- December 2
- December 7
- December 8 – Famous vocalist Roy Orbison dies of a heart attack
- December 9 – The last Dodge Aries and Plymouth Reliant roll off the assembly line in a Chrysler factory.
- December 12 – The Clapham Junction rail crash kills 35 and injures 132.
- December 16 – Perennial U.S. presidential candidate Lyndon LaRouche is convicted of mail fraud.
- December 20 – The United Nations Convention Against Illicit Traffic in Narcotic Drugs and Psychotropic Substances is signed at Vienna.
- December 21 – Pan Am Flight 103 is blown up over Lockerbie, Scotland, killing a total of 270 people. Those responsible are believed to be Libyans.
- December 22 – Brazilian union and environmental activist Chico Mendes is assassinated.
- TAT-8, the first transatlantic telephone cable to use optical fibers, is completed.
- Zebra mussels are found in the Great Lakes.
- The U.S. Drought of 1988 causes big crop damage in many states, impacts many portions of the United States and causes around $60 billion in damage. Multiple regions suffer in the conditions. Heat waves cause 4,800 to 17,000 excess deaths while scorching many areas of the United States during 1988.
- The Russian Mafia begins to expand with the decay of the Soviet Union.
- January 1 – Margot Bryant, British actress (b. 1897)
- January 2 – Edmund Brisco Ford, British geneticist (b. 1901)
- January 5 – Pete Maravich, American basketball player (b. 1947)
- January 6 – L. P. Davies, English novelist (b. 1914)
- January 7 – Trevor Howard, British actor (b. 1913)
- January 11 – Gregory "Pappy" Boyington, American pilot, United States Marine Corps fighter ace (b. 1912)
- January 12 – Hiram Bingham IV, American diplomat (b. 1903)
- January 13 – Chiang Ching-kuo, Chinese politician, 3rd President of the Republic of China (b. 1910)
- January 14 – Georgy Malenkov, Soviet politician, 5th Prime Minister of the Soviet Union (b. 1902)
- January 15 – Seán MacBride, Irish Republican Army leader, recipient of the Nobel Peace Prize (b. 1904)
- January 16 – Ballard Berkeley, British actor (b. 1904)
- January 20 – Philippe de Rothschild, French vineyard owner (b. 1902)
- January 22 – Parker Fennelly, American comedian and actor (b. 1891)
- January 25 – Colleen Moore, American actress (b. 1900)
- January 28 – Klaus Fuchs, German-British physicist and spy (b. 1911)
- February 1 – Heather O'Rourke, American actress (b. 1975)
- February 3 – Robert Duncan, American poet (b. 1919)
- February 5 – Emeric Pressburger, Hungarian-British film producer (b. 1902)
- February 11 – Marion Crawford, Scottish nanny of Elizabeth II (b. 1909)
- February 13
- February 14 – Frederick Loewe, Austrian-American composer (b. 1901)
- February 15 – Richard Feynman, American physicist, Nobel Prize laureate (b. 1918)
- February 16 - Karp Osipovich Lykov, Russian Old Believer and survivalist
- February 19
- February 25 – Kurt Mahler, German-Australian mathematician (b. 1903)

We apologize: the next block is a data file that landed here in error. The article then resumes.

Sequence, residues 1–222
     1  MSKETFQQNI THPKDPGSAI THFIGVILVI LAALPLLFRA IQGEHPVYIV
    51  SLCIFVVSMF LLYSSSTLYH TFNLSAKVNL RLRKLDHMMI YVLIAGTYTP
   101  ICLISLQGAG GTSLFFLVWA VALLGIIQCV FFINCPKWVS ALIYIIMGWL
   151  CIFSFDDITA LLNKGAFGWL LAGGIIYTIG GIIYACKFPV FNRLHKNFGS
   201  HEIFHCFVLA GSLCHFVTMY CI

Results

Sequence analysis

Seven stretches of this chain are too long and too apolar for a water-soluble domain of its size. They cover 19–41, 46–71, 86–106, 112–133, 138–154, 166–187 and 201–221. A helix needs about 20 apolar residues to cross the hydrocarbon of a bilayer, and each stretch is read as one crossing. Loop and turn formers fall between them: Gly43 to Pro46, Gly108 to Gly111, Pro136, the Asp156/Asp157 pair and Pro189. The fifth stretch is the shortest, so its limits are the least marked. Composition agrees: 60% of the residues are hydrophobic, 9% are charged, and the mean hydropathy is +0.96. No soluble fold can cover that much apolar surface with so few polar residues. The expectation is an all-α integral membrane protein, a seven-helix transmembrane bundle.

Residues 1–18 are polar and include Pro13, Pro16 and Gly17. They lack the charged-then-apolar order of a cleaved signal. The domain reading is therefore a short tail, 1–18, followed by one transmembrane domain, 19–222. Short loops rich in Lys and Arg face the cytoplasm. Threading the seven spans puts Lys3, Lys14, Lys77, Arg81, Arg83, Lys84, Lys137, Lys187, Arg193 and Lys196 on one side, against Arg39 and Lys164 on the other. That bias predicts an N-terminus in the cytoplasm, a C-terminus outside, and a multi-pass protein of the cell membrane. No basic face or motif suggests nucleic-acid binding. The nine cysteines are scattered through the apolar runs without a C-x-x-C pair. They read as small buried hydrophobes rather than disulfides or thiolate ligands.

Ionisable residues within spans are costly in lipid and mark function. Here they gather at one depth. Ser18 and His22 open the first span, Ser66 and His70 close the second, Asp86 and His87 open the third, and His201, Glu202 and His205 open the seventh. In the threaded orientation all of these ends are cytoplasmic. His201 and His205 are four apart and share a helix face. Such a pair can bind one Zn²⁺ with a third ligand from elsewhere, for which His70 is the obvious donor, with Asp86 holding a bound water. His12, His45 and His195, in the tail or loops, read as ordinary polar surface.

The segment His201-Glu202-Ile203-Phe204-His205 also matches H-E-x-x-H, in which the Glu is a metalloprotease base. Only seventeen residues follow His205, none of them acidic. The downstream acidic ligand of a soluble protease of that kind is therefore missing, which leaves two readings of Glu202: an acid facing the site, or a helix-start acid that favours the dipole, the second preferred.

- March 1 – Joe Besser, American actor and comedian (b. 1907)
- March 3 – Lois Wilson, American actress (b. 1894)
- March 5 – Alberto Olmedo, Argentine comedian and actor (b. 1933)
- March 7
- March 8
- March 9 – Kurt Georg Kiesinger, German politician, 3rd Chancellor of Germany (b. 1904)
- March 10
- March 13
- March 16 – Erich Probst, Austrian football player (b. 1927)
- March 20
- March 22 – Lester Rawlins, American stage and screen director (b. 1924)
- March 25 – Robert Joffrey, American dancer and choreographer (b. 1930)
- March 31 – Sir William McMahon, twentieth Prime Minister of Australia (b. 1908)
- April 1 – Jim Jordan, American actor (b. 1896)
- April 3 – Milton Caniff, American cartoonist (b. 1907)
- April 6 – John Clements, British actor (b. 1910)
- April 11
- April 12
- April 15 – Kenneth Williams, British actor and raconteur (b. 1926)
- April 17
- April 18 – Pierre Desproges, French humorist (b. 1939)
- April 21 – I. A. L. Diamond, American screenwriter (b. 1920)
- April 22 – Irene Rich, American actress (b. 1891)
- April 23 – Michael Ramsey, British bishop, 100th Archbishop of Canterbury (b. 1904)
- April 26
- April 27 – David Scarboro, British actor (b. 1968)
- May 3 – Lev Semenovich Pontryagin, Russian mathematician (b. 1908)
- May 5 – George Rose, English actor (b. 1920)
- May 8 – Robert A. Heinlein, American science fiction author (b. 1907)
- May 10
- May 11 – Kim Philby, British spy (b. 1912)
- May 12 – Chet Baker, American jazz trumpeter (b. 1929)
- May 14 – Willem Drees, Dutch politician, Prime Minister of the Netherlands from 1948 until 1958 (b. 1886)
- May 15
- May 16 – Charles Keeping, British illustrator (b. 1924)
- May 18 – Daws Butler, voice actor (b. 1916)
- May 21 – Sammy Davis, Sr., American dancer (b. 1900)
- May 23 – Aya Kitō, Japanese Writer (b. 1962)
- May 25 – Ernst Ruska, German physicist, Nobel Prize laureate (b. 1906)
- May 27 – Florida Friebus, American actor (b. 1909)
- May 30 – Ella Raines, American actress (b. 1920)
- May 31 – Arthur Olliver, Australian footballer (b. 1918)